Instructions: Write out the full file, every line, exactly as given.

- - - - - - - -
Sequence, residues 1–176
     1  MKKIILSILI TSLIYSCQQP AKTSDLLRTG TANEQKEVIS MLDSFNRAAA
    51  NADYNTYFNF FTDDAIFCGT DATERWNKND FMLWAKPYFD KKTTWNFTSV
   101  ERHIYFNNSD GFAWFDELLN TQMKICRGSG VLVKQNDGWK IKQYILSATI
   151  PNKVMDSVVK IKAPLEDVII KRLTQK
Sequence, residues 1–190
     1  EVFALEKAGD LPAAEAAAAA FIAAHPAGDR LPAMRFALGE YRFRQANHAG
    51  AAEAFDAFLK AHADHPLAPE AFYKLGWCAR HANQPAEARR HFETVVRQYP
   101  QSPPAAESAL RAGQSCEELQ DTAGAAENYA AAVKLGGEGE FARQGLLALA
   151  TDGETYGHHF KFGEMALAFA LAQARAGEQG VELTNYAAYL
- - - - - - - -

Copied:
Sequence, residues 1–176
     1  MKKIILSILI TSLIYSCQQP AKTSDLLRTG TANEQKEVIS MLDSFNRAAA
    51  NADYNTYFNF FTDDAIFCGT DATERWNKND FMLWAKPYFD KKTTWNFTSV
   101  ERHIYFNNSD GFAWFDELLN TQMKICRGSG VLVKQNDGWK IKQYILSATI
   151  PNKVMDSVVK IKAPLEDVII KRLTQK
Sequence, residues 1–190
     1  EVFALEKAGD LPAAEAAAAA FIAAHPAGDR LPAMRFALGE YRFRQANHAG
    51  AAEAFDAFLK AHADHPLAPE AFYKLGWCAR HANQPAEARR HFETVVRQYP
   101  QSPPAAESAL RAGQSCEELQ DTAGAAENYA AAVKLGGEGE FARQGLLALA
   151  TDGETYGHHF KFGEMALAFA LAQARAGEQG VELTNYAAYL